Knee Pain and your VMO
There are many different factors which may influence the onset of knee pain. Overuse injuries, trauma, post surgical and muscular imbalances to name a few. One general theme that seems to hold true in rehabbing knee pain despite the above etiologies I mentioned is the isolation of the medial compartment. This is often referred to as the VMO (Vastus Medialis Oblique). This muscle is one of the four quadriceps which rests closer to the midline of the body. It plays a crucial role in the distribution of forces on the patella. Quite often we find knee pain associated with an inflammatory response with the structures involved in that area (whether this be inert structures like cartilage/ligament and bursa or contractile tissue such as muscle and tendon.). With only a trace of inflammation, the VMO can literally be shut down or non-effective in its function. Post surgically, e.g., Meniscus or ligament, the VMO is the first muscle of the quadriceps to atrophy and the last one to regain full functional strength. The VMO functions to initiate the contraction of the quadriceps. Its timing sequence is crucial. Any inflammation in this region of the knee can delay its firing sequence causing it lag behind. When this happens, the patella can deviate laterally or away from the midline of the body. In extreme cases, this can lead to subluxation of the patella or even dislocated patella. More common post surgical secondary issues seen with knee rehab is irritation from improper tracking of the patella over the femoral condyle’s. PT recommendation: Isolated strengthening for the medial quadriceps (VMO) of the knee and stretching of the lateral compartments (distal IT band, vastus lateralis and lateral retinaculum). Isolated strengthening can be done by performing quadriceps sets, straight leg raises, theraband in sitting ( 0°-> 30°). Stretching the lateral structures can be done in standing, e.g., for the right knee, cross the left foot over the right with both knees fully extended, then slowly slide your hands down towards the left side of the right foot until a gentle stretch is felt and hold for 30 seconds. These are but a few basic exercises to help relieve pain in the knee by promoting proper symmetry between strengthening of the VMO and stretching of lateral compartment.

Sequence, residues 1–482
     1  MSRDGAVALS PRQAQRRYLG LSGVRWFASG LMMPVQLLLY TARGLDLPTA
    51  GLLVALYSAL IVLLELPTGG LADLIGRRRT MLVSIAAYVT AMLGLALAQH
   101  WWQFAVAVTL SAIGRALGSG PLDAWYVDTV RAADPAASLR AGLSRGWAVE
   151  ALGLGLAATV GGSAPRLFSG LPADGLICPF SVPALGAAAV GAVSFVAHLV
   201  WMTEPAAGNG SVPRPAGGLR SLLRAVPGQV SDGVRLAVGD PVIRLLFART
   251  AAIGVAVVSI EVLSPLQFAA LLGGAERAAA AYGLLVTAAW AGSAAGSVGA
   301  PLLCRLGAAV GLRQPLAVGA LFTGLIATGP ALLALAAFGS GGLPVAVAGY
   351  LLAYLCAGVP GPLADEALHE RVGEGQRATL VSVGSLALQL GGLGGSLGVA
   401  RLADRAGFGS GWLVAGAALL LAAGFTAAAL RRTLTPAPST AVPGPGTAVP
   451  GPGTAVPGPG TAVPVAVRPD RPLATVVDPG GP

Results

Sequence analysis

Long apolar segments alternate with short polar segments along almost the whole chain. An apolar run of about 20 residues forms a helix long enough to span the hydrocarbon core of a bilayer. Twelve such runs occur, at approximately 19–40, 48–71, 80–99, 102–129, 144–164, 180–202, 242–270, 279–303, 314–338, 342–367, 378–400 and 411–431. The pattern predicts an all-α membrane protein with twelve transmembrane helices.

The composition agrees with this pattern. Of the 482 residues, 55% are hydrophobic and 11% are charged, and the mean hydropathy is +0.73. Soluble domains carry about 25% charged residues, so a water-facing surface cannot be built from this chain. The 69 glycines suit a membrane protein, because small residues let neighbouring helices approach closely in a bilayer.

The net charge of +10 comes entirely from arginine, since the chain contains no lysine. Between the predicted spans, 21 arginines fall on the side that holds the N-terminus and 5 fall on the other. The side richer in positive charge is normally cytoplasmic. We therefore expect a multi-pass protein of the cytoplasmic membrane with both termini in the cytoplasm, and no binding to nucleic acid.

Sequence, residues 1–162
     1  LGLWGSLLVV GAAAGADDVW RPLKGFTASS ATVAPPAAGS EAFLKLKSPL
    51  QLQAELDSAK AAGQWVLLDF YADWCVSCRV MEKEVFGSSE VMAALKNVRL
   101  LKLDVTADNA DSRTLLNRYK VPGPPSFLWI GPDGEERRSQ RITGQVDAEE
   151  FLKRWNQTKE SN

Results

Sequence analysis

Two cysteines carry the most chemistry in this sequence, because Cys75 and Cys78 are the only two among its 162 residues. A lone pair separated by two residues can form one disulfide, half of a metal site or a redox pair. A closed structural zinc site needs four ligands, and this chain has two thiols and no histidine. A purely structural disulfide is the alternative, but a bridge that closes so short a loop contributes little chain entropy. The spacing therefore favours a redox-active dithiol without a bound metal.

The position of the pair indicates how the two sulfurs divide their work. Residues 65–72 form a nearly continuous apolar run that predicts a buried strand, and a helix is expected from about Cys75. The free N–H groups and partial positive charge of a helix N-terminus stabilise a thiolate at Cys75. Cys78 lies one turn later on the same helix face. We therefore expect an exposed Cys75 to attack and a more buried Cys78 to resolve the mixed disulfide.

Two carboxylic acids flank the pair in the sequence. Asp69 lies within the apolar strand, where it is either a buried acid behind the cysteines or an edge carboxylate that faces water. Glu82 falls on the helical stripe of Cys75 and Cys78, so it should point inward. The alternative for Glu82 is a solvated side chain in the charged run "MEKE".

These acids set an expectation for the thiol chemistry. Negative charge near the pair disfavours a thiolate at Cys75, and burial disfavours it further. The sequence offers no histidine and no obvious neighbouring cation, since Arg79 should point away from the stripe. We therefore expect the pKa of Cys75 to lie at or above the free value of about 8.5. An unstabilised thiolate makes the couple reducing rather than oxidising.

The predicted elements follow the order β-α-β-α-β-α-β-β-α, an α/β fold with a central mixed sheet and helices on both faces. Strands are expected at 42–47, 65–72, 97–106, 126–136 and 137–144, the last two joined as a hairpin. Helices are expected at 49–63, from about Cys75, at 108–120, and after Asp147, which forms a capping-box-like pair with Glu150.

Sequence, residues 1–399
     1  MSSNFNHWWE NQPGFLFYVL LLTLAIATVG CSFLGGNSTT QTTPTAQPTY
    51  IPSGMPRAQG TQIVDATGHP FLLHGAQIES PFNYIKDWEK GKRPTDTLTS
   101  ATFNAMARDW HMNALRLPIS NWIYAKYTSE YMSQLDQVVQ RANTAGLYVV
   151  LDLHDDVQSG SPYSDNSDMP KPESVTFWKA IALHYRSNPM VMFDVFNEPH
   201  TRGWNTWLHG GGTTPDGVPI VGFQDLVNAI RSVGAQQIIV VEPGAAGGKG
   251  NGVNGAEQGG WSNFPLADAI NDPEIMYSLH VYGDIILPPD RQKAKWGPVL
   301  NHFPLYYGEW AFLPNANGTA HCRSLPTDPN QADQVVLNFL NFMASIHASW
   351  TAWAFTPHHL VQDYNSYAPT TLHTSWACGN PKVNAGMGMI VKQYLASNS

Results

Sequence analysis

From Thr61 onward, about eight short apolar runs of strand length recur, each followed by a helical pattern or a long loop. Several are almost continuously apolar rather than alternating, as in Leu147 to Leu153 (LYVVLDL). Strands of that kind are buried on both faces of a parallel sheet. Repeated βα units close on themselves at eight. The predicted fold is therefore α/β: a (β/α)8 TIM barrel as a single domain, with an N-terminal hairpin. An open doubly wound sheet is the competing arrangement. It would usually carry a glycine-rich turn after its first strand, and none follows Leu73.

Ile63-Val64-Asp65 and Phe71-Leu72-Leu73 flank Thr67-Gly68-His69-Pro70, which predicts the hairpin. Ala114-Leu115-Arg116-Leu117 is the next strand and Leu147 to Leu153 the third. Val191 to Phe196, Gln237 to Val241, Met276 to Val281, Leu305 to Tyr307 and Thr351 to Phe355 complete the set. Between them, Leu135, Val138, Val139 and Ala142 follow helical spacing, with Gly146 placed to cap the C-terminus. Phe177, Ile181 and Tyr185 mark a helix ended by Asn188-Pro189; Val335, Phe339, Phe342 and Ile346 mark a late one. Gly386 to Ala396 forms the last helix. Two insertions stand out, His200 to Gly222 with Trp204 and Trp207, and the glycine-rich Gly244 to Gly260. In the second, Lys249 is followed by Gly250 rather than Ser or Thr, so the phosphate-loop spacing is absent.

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As always, if you have further questions or specific physical therapy needs regarding treatment, please call me. Oregon Physical Therapy & Sports Medicine Center (971) 238-3343.